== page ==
A history of psychedelic drug use is associated with less psychological distress and fewer suicidal thoughts, planning and attempts, according to new research from Johns Hopkins and the University of Alabama at Birmingham.
In a national survey of over 190,000 U.S. adults, lifetime use of certain psychedelic drugs was associated with a 19 percent reduced likelihood of psychological distress within the past month, a 14 percent reduced likelihood of suicidal thinking within the past year, a 29 percent reduced likelihood of suicide planning within the past year and a 36 percent reduced likelihood of attempting suicide within the past year. These results were published in the Journal of Psychopharmacology.
The findings suggest that some nonaddictive psychedelic drugs, while illegal, may hold promise for depression, and that these psychedelics' highly restricted legal status should be reconsidered to facilitate scientific studies, says study author Matthew W. Johnson, Ph.D., an associate professor of psychiatry and behavioral sciences at Johns Hopkins.
While the study authors are not encouraging the illicit use of these substances, "these could be breakthrough medical treatments that we've been ignoring for the past 30 years," Johnson says. "We need to carefully examine these cautiously and thoroughly."
For the study, researchers pooled data from five years of results of the National Survey on Drug Use and Health (2008 to 2012) to evaluate the relationship between a history of using certain nonaddictive psychedelic drugs and psychological distress and suicidality. The annual survey, administered by the Substance Abuse and Mental Health Services Administration of the U.S. Department of Health and Human Services, estimates the prevalence of substance use and mental illness in the general U.S. civilian noninstitutionalized population. The study focused on respondents with a history of using nonaddictive psychedelic drugs, which interact with certain serotonin receptors in the brain.
Of 191,382 respondents, 27,235 reported lifetime use of one or more of these psychedelics, primarily psilocybin and LSD. Lifetime use was concentrated among 26- to 64-year-olds and was more common among men; non-Hispanic whites and Native Americans/Alaska Natives; those with greater education and income; individuals who were divorced, separated or who had never married; those with greater self-reported engagement in risky behavior; and those who reported lifetime illicit use of other substances. Among users of these psychedelic drugs, only 240 said they never tried any other illicit drug.
In addition, 12,657 respondents reported psychological distress within the past month, 10,445 reported suicidal thinking within the past year, 3,157 reported suicidal planning within the past year and 1,716 reported suicidal attempt within the past year.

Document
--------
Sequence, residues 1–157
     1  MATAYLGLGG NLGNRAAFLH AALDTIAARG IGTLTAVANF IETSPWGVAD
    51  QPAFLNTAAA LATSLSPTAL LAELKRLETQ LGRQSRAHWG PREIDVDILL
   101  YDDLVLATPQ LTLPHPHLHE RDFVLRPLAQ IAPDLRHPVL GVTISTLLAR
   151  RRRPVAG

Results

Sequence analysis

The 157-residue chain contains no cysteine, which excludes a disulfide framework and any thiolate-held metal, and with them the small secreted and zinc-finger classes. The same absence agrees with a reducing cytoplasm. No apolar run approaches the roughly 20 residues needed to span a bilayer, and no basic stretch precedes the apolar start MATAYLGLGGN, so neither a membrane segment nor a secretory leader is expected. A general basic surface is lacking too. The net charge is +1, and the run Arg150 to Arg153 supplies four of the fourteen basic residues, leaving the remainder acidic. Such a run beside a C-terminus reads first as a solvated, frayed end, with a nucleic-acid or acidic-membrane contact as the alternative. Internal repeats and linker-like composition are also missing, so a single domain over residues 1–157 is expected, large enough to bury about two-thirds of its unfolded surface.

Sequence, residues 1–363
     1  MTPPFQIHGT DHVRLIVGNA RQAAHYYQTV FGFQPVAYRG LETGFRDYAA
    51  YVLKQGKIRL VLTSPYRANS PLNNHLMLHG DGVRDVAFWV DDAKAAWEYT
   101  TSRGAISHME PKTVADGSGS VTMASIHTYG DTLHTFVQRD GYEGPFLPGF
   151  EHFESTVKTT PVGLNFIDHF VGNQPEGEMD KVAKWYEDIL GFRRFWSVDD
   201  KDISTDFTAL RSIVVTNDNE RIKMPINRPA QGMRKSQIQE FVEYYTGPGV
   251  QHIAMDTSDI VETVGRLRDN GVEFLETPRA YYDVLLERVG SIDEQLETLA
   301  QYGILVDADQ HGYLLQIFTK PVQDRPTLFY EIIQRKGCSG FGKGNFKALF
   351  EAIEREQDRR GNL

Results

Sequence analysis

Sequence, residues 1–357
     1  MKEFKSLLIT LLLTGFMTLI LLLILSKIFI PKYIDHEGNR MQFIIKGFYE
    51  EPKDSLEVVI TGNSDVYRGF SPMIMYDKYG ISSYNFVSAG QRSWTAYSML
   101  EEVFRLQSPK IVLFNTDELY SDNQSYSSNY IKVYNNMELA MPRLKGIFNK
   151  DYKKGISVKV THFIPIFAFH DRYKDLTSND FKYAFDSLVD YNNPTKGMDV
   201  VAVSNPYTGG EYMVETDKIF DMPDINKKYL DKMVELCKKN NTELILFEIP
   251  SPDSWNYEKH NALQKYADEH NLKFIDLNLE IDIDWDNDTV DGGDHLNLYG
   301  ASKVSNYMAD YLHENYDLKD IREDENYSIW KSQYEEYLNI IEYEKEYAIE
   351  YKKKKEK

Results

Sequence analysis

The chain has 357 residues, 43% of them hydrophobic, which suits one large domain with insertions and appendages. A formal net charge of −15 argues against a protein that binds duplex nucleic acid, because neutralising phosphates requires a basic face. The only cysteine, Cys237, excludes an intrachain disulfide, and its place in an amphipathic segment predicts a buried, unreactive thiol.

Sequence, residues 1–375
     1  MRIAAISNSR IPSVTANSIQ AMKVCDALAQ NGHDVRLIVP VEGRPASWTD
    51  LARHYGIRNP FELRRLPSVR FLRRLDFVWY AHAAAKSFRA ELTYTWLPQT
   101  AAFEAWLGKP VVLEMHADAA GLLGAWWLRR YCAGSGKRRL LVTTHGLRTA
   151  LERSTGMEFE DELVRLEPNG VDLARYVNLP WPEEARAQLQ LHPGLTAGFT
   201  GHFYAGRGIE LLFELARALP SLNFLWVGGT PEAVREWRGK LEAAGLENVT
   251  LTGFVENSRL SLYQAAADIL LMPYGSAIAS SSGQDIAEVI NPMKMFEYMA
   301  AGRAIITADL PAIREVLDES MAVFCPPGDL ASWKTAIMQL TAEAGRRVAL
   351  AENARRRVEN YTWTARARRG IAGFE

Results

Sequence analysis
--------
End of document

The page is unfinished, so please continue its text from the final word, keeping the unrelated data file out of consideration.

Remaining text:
Using statistical methods that controlled for factors such as age, gender, income, education and other drug use, researchers found that lifetime use of these drugs was associated with a decreased likelihood of past-month psychological distress and past-year suicidal thinking, planning, and attempts. Conversely, lifetime use of other illicit substances was largely associated with an increase in these harms, "which is consistent with the fact that these other drugs, unlike classic psychedelics, are addictive," Johnson says.
The observational nature of the study cannot definitively show that psychedelics caused these effects, Johnson says, because those who chose to use psychedelics may have been psychologically healthier before using these drugs. However, the results probably reflect a benefit from psychedelics — the study controlled for many relevant variables and found that, as the researchers expected, other drugs assessed in the study were linked to increased harms, he says. The use of nonaddictive psychedelic drugs may exacerbate schizophrenia or other psychotic disorders and can sometimes elicit feelings of anxiety, fear, panic and paranoia, which can lead to dangerous behavior, Johnson says. But these instances of individual harm, while serious, may not stand out in the survey data because they occur less often than the positive outcomes that some people experience.
"Our general societal impression of these drugs is they make people go crazy or are associated with psychological harm, but our data point to the potential psychological benefits from these drugs," he says. Current research at Johns Hopkins and several other universities is examining the therapeutic potential of one of the psychedelics, psilocybin, when administered in carefully controlled, monitored medical studies.